A year-long effort to find the quintessential Olympic Peninsula Chowder will culminate at this weekend’s Dungeness Crab & Seafood Festival.
The 18th annual CrabFest — scheduled for Friday, Saturday and Sunday at City Pier and in the parking lot of the Red Lion Hotel at 221 Lincoln St. — will host this year Olympic Culinary Loop’s final chapter in finding and honoring the seafood chowder that best exemplifies the Olympic Peninsula.
“We’ve been slurping chowder all year long,” said Steve Shively, the Olympic Culinary Loop’s communications director.
The judging of the champion chowder will be at about 3:30 p.m. Sunday in the Front Street Gateway Center Pavilion.
“No longer will the Pacific Northwest-minded foodies be limited in their ordering to chowders named ‘New England,’ ‘Manhattan,’ or seafood Cioppino hailing from San Francisco, or to Jambalaya influenced by Louisiana,” Olympic Culinary Loop's Shively said. “Once crowned, the winning Olympic Peninsula Chowder is destined to be on menus and taste buds from coast to coast” .
The chowder championship is one of many foodie events planned for CrabFest.
The main event is the crab dinner fest. More than eight tons of Dungeness crab pulled from local waters will be delivered to the plates of festivalgoers in the Crab Central tent all three days. The crab will be served with fresh corn and cole slaw.
Tickets for the full Crab meal are $30 and can be purchased in advance at CrabFestival.org. Military personnel with current active ID will pay $26 for a special crab dinner all weekend and receive 10 percent off on merchandise. Special discounts for Friday and Sunday Crab Dinner tickets can be found online.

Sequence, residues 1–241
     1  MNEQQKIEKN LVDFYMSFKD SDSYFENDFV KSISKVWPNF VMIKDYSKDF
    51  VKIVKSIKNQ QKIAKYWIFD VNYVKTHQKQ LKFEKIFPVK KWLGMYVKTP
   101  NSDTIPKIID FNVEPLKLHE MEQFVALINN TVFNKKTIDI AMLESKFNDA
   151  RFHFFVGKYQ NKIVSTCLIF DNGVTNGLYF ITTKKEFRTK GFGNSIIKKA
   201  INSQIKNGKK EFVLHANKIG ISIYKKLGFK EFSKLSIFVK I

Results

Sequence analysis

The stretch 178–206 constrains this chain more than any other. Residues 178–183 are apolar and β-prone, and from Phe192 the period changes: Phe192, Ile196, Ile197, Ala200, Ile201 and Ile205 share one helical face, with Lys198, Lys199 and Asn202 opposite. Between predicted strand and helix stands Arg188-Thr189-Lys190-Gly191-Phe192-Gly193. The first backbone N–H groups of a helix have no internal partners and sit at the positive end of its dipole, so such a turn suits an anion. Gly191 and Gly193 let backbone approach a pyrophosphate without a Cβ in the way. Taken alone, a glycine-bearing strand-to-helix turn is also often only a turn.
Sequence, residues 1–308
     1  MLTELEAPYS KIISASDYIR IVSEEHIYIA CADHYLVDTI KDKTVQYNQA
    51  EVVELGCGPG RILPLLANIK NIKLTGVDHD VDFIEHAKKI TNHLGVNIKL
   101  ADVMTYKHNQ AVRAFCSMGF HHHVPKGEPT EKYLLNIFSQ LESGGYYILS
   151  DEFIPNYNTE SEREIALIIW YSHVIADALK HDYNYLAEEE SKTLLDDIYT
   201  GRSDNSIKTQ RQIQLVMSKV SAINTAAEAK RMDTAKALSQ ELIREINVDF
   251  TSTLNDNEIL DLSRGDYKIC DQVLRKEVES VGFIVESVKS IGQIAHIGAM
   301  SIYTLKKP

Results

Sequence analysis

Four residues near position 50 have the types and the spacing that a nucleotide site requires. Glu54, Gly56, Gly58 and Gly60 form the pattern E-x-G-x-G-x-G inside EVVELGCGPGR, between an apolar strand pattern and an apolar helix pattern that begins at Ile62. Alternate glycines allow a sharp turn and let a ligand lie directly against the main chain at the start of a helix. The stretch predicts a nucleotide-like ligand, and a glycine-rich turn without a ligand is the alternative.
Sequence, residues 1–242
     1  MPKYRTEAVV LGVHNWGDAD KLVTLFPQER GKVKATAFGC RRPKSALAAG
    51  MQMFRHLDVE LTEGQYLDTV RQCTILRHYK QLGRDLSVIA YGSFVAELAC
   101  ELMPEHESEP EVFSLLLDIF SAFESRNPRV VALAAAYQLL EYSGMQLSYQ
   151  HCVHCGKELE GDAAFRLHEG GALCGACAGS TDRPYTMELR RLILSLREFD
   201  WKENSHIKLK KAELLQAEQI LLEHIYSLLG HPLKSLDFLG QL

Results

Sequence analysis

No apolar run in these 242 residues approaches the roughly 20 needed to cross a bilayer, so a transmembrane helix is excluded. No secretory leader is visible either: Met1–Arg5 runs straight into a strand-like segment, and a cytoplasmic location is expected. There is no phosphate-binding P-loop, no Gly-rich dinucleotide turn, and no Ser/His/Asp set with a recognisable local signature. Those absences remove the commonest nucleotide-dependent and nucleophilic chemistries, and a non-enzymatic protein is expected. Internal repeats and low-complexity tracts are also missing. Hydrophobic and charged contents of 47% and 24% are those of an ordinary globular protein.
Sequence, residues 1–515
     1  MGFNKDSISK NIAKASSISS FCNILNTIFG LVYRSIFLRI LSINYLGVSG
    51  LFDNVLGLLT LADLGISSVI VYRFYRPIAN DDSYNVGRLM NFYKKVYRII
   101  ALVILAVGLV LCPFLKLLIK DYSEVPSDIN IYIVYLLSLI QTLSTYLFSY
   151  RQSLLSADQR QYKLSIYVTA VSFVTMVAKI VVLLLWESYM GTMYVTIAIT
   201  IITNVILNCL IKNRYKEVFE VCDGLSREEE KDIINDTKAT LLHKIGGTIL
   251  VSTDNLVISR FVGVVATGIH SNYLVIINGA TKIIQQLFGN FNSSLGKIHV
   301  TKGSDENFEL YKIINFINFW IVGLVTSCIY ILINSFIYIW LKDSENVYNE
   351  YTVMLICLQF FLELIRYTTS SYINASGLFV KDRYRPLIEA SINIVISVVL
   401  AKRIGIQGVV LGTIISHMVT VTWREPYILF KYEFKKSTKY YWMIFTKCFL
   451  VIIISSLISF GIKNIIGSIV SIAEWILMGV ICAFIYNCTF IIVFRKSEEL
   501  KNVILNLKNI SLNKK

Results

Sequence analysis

Inside Crab Central - and out along the pier - will be other restaurant booths, adult beverages and live music.
Olympic Culinary Loop again produces and presents celebrated Northwest chefs providing cooking demonstrations on the Gateway Center Chef Demonstration Stage from 11 a.m. to 5 p.m. Saturday and from 11:30 a.m. to 3:45 p.m. Sunday.
Featured chefs include pie maker and author Kate McDermott of Port Angeles, who will offer a demonstration Saturday, and “Wild” Bill Ranniger, corporate executive chef for Duke’s Chowder Houses, of Seattle, who take the stage Saturday to reveal the secrets of creating Tempting Thai Ginger Cod in a Coconut Milk Broth and return again at 11:30 a.m. Sunday to prepare Pan-Seared Wild Alaska Salmon.
McDermott’s cookbook, “Art of the Pie: A Practical Guide to Homemade Crusts, Fillings, and Life,” was nominated for a 2017 James Beard Award in Baking and Desserts. In 2018, she released her second cookbook, “Home Cooking.”
McDermott will sign copies of both her books after her Saturday presentation.
Ranniger began his tenure with Duke’s as a chef in 1995, then rose through the ranks from general manager to regional manager to executive chef, a position he has held for the past 15 years.
With restaurateur Duke Moscrip, Ranninger co-authored the 2016 cookbook, “As Wild As It Gets … Duke’s Secret Sustainable Seafood Recipes.”
For more information, see CrabFestival.org, email info@OlympicCulinaryLoop.com call 360-877-4332.